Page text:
By Chuck Ring (GadaboutBlogalot ©2009 – 2010)
Quote Freely From The Article – Leave The Pseudonym Alone
In an article from yesterday’s USAToday, the government and their ilk speak to us like we are sap citizens. While it seems that they are just now understanding why and how our housing market has gone to hades in a hand-basket, ordinary folks have known since our progressive government components started and then expanded the “no house left unoccupied programs.” In the referenced article, Paul Wiseman writes:
Just how much should Uncle Sam do to help Americans buy their own homes?
For 70 years — and for the last 15 in particular — the answer has been: Whatever it takes.
Now, policymakers are pausing to reconsider. In the next few months, they’ll weigh whether there can be too much of a good thing when it comes to helping families finance the American Dream.
The government scamming of people into buying more home than they can afford is a tragedy that has crumbled home ownership plans for millions of Americans. I say government scamming because the government regulatory agencies that should have watched were AWOL and some have since been dishonorably discharged. But, not before the wolves of the predatory lending market tore chunks from the buttocks of our government and ripped the hearts out of betrayed homebuyers who could not afford the home they were neatly and unethically locked into.
There were warning signals or outright clown-hammers over the heads of our congressional leaders who refused to admit that Fannie Mae and Freddy Mac were in deep bull ballast. Representatives Frank and Dodd are two of the major FAILS on the housing fiasco. A fiasco which led to the start of financial collapse in this nation. The article places partial blame on tax breaks and guarantees, but unless they are talking to the tax breaks and guarantees granted to financial institutions, the blame is misapplied. Of course unscrupulous lenders, appraisers and real estate agents and brokers share much of the blame, but the major share comes from unqualified buyers who were allowed to buy into the American dream destined to become a nightmare. This nightmare was enabled by a careless government. I am all for widespread home ownership, but homebuyers should not be allowed to buy what they can never pay for, given their income and potential earning power.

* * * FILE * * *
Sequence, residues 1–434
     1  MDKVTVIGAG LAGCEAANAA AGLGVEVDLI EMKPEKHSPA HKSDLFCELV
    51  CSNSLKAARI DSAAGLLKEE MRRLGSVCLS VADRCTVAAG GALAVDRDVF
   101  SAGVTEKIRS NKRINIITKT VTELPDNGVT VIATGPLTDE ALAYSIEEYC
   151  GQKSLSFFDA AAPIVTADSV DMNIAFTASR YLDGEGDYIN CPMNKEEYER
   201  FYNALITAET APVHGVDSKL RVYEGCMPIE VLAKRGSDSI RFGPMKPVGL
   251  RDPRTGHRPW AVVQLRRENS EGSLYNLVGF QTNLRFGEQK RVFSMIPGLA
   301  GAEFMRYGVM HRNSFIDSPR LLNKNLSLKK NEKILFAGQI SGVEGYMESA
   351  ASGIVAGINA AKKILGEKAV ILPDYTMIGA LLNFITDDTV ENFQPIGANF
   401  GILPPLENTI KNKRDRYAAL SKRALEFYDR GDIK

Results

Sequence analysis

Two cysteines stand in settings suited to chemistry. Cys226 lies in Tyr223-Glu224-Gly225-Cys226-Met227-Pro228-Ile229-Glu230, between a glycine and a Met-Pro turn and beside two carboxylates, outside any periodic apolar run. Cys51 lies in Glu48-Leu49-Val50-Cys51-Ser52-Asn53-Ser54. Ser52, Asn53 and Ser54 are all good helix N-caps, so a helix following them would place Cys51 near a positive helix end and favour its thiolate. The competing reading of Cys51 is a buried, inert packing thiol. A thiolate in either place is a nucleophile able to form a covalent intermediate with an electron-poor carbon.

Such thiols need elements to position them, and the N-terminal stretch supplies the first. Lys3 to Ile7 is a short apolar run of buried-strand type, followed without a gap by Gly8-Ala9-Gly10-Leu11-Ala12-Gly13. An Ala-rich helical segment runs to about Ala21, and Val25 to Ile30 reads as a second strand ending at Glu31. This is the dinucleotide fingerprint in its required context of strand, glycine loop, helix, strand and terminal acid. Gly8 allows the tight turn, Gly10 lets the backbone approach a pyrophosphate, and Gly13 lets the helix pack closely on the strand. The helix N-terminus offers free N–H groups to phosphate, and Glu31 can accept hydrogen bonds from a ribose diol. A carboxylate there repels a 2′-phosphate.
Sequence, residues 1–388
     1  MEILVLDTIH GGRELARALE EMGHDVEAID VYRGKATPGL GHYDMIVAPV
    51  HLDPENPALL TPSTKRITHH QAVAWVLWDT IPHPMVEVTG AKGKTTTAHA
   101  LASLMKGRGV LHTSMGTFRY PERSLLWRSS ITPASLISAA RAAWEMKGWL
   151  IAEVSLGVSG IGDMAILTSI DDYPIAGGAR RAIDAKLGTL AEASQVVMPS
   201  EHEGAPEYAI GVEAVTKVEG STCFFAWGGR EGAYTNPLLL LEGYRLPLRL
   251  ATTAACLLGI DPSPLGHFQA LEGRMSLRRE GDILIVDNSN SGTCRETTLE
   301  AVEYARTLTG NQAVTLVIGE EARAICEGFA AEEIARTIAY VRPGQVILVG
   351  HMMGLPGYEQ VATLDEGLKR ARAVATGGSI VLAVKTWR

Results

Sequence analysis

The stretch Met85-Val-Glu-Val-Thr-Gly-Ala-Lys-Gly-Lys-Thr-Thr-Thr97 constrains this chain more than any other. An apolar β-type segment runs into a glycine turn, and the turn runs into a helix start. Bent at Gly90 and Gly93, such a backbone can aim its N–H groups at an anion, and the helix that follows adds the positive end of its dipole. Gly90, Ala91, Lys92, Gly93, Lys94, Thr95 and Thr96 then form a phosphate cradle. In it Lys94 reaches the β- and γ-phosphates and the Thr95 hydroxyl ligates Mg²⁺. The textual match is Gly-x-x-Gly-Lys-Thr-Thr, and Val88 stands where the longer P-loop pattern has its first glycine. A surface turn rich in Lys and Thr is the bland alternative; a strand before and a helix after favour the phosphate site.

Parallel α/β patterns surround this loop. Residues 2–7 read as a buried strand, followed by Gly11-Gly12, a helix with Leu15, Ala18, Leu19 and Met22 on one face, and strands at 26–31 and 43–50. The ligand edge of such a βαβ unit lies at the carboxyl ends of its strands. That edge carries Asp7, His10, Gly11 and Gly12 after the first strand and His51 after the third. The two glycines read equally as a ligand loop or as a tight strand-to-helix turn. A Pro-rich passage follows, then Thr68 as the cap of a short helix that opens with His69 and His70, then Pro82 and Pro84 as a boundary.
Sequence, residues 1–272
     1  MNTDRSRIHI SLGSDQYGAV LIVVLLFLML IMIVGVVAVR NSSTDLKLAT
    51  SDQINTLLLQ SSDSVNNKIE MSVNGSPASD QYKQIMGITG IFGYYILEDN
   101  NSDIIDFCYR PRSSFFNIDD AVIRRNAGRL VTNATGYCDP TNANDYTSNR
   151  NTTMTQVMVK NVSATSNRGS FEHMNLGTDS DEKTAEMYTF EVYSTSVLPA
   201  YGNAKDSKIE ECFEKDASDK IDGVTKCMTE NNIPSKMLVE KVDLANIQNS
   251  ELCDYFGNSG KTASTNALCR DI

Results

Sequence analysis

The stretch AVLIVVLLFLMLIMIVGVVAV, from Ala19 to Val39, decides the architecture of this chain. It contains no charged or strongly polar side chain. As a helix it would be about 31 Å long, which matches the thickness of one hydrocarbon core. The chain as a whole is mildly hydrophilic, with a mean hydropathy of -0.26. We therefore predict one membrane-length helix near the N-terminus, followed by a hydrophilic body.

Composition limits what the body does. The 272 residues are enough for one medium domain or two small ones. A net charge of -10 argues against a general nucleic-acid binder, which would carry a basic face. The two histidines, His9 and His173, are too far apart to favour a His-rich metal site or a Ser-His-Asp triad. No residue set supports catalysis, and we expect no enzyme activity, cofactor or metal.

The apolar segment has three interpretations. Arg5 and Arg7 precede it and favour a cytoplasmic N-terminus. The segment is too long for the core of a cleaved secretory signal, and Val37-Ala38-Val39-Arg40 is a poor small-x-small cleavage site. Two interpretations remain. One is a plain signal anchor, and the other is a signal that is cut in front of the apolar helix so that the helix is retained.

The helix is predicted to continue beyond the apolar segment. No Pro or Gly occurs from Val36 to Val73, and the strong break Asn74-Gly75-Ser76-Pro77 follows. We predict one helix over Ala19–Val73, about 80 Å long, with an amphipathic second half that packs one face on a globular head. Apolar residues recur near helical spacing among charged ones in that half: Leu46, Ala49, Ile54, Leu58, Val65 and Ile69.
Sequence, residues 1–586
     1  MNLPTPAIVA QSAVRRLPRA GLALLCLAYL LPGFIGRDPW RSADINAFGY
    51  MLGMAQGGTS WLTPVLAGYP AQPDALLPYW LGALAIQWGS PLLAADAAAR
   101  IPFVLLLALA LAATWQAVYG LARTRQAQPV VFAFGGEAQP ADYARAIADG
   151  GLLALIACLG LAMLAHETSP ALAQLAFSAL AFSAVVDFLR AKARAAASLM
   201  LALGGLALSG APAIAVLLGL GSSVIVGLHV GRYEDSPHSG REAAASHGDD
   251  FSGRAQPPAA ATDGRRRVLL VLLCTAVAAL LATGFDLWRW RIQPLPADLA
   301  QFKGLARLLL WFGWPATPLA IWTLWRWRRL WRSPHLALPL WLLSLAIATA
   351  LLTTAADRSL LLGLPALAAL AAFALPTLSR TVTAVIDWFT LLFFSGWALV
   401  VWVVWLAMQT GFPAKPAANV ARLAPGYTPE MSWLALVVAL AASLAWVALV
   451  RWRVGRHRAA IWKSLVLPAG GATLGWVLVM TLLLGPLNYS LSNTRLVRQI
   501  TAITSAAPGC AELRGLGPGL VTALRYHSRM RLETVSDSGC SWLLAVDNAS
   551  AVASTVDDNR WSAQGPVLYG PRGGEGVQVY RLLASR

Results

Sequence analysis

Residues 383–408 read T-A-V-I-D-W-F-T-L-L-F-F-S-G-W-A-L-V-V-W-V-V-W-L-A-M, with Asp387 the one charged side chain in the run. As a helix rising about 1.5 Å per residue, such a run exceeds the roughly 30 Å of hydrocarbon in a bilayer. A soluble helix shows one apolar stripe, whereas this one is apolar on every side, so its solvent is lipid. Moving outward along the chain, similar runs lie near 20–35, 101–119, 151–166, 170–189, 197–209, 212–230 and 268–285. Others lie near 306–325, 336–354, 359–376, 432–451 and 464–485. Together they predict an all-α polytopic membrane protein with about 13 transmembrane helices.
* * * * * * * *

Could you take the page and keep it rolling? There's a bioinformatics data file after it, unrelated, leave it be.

The so-called planners seem willing to take away or seriously consider taking away the backbone (at least critical vertebra) from the attraction of home ownership:
Other critics say eliminating or overhauling Fannie and Freddie isn’t enough: The government must reconsider such bedrocks of housing policy as the mortgage interest deduction and the tax exemption of most capital gains from home sales.
They say these misguided or outdated government policies encourage the United States to massively overinvest (sic) in housing, shortchanging (sic) other parts of the economy. “There’s only so much subsidy to go around at the end of the day,” Katz says.
If their remedy calls for abolishing either “subsidy” as they term it, they will create a major dis-incentive to home purchasing. Capital gains taxes are among the most regressive taxes for the middle-class and the abolition of income tax credits amount to a substantial tax increase to anyone who is able to use home ownership to help reduce taxes. If the government takes away income from the citizen and applies it to some progressive or other misguided program or programs, there will be no surplus income for the homeowner to purchase goods and service or with which to invest in stocks or bonds.
The rest of the article by Wiseman is fraught with unchecked theories and suppositions espoused by “experts” and new gurus. As an old fellow and a homeowner, I can’t afford much more speculation, and untried and potentially untrue government experiments. In simple and concise words … I ain’t buying that.
Fool’s Gold Anyone?
Here’s the rest of the article .